Journal of Orthopaedic & Sports Physical Therapy

| 2016

Biofeedback in Partial Weight Bearing: Validity of 3 Different Devices

Remko van Lieshout, Martijn F. Pisters, Benedicte Vanwanseele, Rob A. de Bie, Eveline J. Wouters, Mirelle J. Stukstette#

Center for Physical Therapy Research and Innovation in Primary Care, Julius Health Care Centers, Utrecht


accuracy, force, orthopaedic, physical therapy, rehabilitation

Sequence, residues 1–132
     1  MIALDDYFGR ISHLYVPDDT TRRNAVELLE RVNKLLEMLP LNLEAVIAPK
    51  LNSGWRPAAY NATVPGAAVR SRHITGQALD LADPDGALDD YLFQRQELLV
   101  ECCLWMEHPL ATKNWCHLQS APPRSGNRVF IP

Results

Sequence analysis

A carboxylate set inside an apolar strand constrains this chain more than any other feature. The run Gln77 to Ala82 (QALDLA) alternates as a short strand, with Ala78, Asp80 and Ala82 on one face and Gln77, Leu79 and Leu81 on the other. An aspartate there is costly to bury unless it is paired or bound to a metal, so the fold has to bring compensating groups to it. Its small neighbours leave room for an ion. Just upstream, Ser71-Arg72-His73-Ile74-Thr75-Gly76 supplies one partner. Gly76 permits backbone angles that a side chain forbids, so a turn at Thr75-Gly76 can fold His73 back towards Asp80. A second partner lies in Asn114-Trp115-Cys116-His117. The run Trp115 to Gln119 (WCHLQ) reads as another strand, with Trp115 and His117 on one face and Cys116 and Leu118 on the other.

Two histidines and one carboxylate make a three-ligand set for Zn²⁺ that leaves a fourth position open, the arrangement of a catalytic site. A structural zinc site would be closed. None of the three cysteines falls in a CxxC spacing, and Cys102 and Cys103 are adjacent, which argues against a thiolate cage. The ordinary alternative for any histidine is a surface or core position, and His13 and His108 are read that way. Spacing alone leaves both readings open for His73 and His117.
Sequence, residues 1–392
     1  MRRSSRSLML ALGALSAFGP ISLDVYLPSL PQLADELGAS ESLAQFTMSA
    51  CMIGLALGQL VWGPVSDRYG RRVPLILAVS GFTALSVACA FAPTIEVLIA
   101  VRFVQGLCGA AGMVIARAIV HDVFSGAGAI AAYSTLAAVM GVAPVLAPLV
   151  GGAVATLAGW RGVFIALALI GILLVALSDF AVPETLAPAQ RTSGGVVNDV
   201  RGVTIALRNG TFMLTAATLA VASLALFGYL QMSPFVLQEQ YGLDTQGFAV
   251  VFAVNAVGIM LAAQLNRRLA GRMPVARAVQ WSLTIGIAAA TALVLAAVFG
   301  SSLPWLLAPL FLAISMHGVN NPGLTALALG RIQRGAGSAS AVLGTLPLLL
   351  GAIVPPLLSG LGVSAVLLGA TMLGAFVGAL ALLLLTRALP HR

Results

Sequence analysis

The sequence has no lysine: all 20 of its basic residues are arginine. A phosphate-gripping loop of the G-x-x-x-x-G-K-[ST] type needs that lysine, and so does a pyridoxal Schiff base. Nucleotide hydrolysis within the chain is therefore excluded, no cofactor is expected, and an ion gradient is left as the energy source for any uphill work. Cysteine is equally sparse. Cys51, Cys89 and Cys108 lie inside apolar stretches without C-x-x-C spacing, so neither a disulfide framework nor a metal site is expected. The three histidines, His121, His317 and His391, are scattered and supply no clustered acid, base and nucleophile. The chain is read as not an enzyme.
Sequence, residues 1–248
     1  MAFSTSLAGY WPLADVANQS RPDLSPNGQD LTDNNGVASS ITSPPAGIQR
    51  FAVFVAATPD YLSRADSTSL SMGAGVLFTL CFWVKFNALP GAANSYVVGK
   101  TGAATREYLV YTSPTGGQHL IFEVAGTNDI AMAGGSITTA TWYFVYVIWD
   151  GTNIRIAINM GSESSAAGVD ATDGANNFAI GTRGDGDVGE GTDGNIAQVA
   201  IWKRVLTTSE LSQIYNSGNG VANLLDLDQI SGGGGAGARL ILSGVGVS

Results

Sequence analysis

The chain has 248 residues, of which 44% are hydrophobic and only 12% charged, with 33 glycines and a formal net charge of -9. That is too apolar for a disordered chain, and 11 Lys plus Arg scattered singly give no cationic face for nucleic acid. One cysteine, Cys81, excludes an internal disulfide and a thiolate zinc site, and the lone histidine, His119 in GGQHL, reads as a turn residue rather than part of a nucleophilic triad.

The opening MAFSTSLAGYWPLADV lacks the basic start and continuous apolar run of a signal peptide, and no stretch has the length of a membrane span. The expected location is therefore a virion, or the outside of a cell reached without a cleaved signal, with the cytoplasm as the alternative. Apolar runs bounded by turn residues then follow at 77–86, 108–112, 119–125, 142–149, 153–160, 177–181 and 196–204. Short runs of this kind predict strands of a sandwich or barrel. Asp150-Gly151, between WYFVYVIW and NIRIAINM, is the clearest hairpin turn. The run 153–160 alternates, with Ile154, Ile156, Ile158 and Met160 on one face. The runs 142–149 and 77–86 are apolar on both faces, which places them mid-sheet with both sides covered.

Study Design Controlled laboratory study to assess criterion-related validity, with a cross-sectional within-subject design. Background Patients with orthopaedic conditions have difficulties complying with partial weight-bearing instructions. Technological advances have resulted in biofeedback devices that offer real-time feedback. However, the accuracy of these devices is mostly unknown. Inaccurate feedback can result in incorrect lower-limb loading and may lead to delayed healing. Objectives To investigate validity of peak force measurements obtained using 3 different biofeedback devices under varying levels of partial weight-bearing categories. Methods Validity of 3 biofeedback devices (OpenGo science, SmartStep, and SensiStep) was assessed. Healthy participants were instructed to walk at a self-selected speed with crutches under 3 different weight-bearing conditions, categorized as a percentage range of body weight: 1% to 20%, greater than 20% to 50%, and greater than 50% to 75%. Peak force data from the biofeedback devices were compared with the peak vertical ground reaction force measured with a force plate. Criterion validity was estimated using simple and regression-based Bland-Altman 95% limits of agreement and weighted kappas. Results Fifty-five healthy adults (58% male) participated. Agreement with the gold standard was substantial for the SmartStep, moderate for OpenGo science, and slight for SensiStep (weighted ± = 0.76, 0.58, and 0.19, respectively). For the 1% to 20% and greater than 20% to 50% weight-bearing categories, both the OpenGo science and SmartStep had acceptable limits of agreement. For the weight-bearing category greater than 50% to 75%, none of the devices had acceptable agreement. Conclusion The OpenGo science and SmartStep provided valid feedback in the lower weight-bearing categories, and the SensiStep showed poor validity of feedback in all weight-bearing categories.

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